I've done various forms of low carb for about 12 years on an off, but my blood sugar is so much better when I am. My diet has morphed into something more like nutritional ketosis ala Phinney and Volek (shooting for <10 g carb/ 60 g protein and then whatever fat I need to be sated).
One thing I tend to do if I'm getting back on low carb and it's been a while is to undershoot a lot with my insulin for a couple of days and then bring it up as needed. You might want to do a very small amount of insulin before meals, like if you're fairly sensitive you might want to just try one unit, if not so sensitive maybe 2 or 2 1/2 and then test at 1, 2, and 3 hours post-prandial and adjust upward for next meal depending on how much higher than your target you were. I'm not terribly sensitive to insulin and I do 3 1/2 units for my afternoon meal (3 g carb, 24 g protein) and then for dinner I usually do 3 units (1-5 g carb, 30-35 g protein). For me, when I'm eating low carb, I don't even think in terms of I:C ratios because I'm eating so little carb that it doesn't make sense.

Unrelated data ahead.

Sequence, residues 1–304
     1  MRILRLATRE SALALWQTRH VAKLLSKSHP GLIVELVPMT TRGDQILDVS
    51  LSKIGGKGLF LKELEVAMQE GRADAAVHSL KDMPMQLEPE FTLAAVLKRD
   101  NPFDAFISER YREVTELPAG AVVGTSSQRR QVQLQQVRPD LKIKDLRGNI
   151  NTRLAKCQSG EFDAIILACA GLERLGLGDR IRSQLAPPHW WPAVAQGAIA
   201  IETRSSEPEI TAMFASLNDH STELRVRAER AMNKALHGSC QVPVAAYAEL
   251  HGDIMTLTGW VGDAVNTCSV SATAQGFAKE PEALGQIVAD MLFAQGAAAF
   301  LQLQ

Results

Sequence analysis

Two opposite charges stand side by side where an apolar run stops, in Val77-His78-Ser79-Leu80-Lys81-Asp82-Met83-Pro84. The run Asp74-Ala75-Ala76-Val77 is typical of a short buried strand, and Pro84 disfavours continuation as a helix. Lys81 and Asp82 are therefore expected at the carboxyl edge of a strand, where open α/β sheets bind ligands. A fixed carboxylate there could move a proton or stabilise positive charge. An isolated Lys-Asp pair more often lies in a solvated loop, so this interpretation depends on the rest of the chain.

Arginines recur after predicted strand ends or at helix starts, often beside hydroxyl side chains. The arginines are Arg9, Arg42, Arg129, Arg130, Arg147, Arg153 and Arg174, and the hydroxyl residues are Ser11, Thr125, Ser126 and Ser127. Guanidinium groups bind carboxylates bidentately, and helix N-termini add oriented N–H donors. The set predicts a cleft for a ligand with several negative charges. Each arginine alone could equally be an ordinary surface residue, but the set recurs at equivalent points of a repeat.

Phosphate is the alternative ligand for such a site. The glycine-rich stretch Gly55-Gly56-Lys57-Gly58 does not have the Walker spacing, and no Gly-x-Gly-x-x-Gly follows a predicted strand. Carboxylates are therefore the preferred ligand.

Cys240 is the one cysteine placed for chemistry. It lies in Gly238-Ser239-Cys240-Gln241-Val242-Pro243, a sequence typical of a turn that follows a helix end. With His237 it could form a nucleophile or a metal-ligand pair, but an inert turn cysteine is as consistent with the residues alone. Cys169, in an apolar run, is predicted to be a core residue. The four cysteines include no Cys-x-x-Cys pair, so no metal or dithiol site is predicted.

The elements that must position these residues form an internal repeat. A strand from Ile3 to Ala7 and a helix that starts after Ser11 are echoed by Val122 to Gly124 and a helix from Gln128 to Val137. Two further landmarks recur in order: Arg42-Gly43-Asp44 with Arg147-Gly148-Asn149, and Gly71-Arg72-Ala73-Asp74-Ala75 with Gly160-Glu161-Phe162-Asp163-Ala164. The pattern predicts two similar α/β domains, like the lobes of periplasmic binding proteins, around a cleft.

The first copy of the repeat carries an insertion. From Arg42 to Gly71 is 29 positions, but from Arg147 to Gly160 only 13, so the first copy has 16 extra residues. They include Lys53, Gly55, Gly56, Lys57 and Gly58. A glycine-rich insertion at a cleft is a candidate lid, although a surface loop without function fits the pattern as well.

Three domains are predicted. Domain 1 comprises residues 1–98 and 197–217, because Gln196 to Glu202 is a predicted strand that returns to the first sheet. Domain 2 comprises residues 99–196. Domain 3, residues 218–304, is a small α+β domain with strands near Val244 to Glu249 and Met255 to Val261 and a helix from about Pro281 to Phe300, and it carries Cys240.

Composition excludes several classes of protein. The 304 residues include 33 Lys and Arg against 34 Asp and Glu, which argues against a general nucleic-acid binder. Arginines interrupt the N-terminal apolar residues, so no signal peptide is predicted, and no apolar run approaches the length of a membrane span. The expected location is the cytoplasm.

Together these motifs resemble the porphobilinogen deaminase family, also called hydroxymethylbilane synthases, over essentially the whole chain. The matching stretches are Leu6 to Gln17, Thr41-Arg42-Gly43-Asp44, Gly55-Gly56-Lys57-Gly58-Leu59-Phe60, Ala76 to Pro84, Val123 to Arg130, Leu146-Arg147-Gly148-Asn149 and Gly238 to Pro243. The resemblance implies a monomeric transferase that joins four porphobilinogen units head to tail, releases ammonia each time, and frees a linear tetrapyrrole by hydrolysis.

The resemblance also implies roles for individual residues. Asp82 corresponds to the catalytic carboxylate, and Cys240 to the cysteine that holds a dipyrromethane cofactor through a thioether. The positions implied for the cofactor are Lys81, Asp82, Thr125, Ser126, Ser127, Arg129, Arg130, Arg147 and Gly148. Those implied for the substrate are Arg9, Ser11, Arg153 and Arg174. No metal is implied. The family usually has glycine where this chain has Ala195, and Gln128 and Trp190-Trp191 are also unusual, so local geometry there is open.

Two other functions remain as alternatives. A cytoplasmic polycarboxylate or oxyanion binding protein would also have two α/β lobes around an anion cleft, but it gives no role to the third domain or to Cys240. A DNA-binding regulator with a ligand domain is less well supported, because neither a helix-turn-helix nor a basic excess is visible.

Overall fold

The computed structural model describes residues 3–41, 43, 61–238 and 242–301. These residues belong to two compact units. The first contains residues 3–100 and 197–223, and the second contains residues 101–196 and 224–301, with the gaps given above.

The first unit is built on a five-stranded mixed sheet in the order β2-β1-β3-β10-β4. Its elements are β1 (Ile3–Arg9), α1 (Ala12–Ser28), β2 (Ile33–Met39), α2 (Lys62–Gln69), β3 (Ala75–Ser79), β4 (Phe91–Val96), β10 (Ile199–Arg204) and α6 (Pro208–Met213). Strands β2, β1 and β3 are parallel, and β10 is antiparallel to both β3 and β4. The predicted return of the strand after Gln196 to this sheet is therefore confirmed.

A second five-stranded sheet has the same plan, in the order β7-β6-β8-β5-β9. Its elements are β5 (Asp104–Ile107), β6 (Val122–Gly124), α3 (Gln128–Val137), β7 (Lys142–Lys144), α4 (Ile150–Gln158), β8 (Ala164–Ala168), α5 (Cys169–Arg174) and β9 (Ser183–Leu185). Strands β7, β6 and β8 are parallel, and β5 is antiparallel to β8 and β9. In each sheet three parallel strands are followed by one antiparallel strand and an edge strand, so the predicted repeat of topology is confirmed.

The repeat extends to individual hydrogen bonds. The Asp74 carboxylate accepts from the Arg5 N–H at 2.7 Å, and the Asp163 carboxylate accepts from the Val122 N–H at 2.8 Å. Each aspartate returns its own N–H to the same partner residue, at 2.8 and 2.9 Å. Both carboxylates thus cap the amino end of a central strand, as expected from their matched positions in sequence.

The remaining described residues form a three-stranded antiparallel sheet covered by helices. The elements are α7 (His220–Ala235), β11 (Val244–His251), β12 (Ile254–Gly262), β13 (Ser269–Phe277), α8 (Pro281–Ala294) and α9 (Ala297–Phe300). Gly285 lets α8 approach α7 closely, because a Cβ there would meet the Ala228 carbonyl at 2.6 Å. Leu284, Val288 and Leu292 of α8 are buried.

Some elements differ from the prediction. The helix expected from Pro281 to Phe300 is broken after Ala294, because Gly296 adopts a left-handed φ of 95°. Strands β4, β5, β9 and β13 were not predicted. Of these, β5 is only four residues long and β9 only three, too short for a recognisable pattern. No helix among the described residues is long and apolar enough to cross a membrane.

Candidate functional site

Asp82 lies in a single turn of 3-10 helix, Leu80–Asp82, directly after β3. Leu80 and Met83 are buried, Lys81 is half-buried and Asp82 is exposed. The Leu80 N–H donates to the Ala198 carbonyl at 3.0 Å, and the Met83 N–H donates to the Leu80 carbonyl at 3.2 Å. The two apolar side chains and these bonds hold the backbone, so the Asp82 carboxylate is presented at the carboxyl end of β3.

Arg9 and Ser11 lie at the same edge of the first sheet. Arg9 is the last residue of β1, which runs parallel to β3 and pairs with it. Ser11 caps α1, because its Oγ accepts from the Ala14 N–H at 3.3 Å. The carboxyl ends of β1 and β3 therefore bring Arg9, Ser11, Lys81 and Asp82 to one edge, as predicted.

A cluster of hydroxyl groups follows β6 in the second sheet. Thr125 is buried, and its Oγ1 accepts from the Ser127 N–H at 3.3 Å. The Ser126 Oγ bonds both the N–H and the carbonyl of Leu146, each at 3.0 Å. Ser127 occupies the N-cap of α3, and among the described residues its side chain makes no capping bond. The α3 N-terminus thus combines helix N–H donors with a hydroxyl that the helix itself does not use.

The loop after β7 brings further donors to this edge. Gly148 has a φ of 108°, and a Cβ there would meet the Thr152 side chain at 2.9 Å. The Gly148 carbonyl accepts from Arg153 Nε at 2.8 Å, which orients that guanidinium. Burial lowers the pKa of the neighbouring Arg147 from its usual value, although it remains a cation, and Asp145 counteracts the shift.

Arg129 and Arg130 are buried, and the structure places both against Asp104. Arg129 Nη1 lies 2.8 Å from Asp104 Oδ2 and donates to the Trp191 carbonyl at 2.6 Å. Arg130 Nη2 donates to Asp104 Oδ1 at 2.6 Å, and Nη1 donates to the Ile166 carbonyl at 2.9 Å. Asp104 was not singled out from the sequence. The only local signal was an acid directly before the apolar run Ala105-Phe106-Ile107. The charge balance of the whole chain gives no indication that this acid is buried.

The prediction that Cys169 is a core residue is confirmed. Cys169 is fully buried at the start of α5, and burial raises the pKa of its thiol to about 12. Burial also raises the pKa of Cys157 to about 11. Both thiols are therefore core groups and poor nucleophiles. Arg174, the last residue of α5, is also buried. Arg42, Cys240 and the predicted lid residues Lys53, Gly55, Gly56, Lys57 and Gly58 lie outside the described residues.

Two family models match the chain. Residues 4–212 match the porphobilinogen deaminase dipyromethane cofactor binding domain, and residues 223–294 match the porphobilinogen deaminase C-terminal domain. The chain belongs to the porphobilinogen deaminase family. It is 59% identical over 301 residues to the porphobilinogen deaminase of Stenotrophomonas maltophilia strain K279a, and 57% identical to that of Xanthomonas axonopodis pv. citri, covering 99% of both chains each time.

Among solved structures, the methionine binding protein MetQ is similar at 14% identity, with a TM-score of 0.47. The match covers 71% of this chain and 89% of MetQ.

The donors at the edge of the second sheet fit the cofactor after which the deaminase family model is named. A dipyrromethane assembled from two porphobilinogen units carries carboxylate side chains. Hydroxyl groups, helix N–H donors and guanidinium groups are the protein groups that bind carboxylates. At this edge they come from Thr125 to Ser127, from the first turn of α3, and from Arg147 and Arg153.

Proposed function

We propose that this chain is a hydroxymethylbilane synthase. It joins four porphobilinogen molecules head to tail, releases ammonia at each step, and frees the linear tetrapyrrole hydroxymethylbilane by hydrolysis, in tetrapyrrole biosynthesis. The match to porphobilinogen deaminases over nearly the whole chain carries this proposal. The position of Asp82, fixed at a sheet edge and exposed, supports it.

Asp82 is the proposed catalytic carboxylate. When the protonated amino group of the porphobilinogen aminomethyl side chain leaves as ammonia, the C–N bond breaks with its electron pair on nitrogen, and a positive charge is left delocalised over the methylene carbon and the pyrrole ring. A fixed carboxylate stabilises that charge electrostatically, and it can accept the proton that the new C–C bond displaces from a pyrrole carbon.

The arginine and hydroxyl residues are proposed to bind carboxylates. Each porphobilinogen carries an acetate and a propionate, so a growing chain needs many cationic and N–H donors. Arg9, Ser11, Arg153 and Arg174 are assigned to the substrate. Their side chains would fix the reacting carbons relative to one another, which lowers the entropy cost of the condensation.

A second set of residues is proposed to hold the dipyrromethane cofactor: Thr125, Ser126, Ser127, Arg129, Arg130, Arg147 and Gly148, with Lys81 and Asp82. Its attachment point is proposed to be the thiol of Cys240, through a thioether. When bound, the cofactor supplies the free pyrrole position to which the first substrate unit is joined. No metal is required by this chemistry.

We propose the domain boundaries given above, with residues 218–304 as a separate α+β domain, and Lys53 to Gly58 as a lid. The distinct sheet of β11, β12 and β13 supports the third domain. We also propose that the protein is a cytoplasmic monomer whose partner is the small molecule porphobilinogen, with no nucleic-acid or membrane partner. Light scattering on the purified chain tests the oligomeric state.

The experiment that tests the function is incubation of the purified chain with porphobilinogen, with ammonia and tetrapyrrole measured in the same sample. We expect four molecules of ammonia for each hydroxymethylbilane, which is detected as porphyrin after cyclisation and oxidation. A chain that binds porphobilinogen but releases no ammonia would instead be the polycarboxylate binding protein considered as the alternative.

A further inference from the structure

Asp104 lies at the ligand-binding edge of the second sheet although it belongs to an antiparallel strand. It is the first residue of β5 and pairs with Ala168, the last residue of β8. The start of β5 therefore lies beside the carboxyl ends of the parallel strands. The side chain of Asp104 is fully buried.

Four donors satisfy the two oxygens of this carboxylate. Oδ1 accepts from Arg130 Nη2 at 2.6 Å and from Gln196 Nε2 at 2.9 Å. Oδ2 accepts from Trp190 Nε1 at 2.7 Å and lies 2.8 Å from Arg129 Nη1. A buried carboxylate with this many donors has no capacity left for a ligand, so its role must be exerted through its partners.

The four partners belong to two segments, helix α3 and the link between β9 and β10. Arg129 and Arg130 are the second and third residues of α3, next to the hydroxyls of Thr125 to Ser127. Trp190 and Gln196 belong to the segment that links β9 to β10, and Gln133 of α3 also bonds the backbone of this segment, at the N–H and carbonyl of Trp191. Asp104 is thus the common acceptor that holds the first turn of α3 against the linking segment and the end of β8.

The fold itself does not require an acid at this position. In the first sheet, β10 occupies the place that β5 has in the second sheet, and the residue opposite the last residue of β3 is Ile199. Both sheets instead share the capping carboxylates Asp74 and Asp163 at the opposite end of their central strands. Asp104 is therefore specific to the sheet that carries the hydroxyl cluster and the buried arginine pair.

Another thing that might help in the transition is that you actually need to replace salt when you switch to low carb, maybe by as much as a couple of teaspoons a day. One nice way to do that is with chicken broth. I like to keep a pot of bone broth and have a mugful with a good bit of salt in it in the afternoon. It is shocking how satisfying it is (as apparently what I'm needing is salt, not so much calories). This can help you with the crappy feeling a lot of people get when their bodies are switching over from burning carbs to burning fat. When I switch over now, I almost don't feel it at all, which I think is part because I've learned the salt trick and partly because I think my body has just gotten better at it. At any rate, once you get past that crappy switch-over feeling, most people feel great and think it was totally worth it, so just remember it passes quickly if you do feel yucky.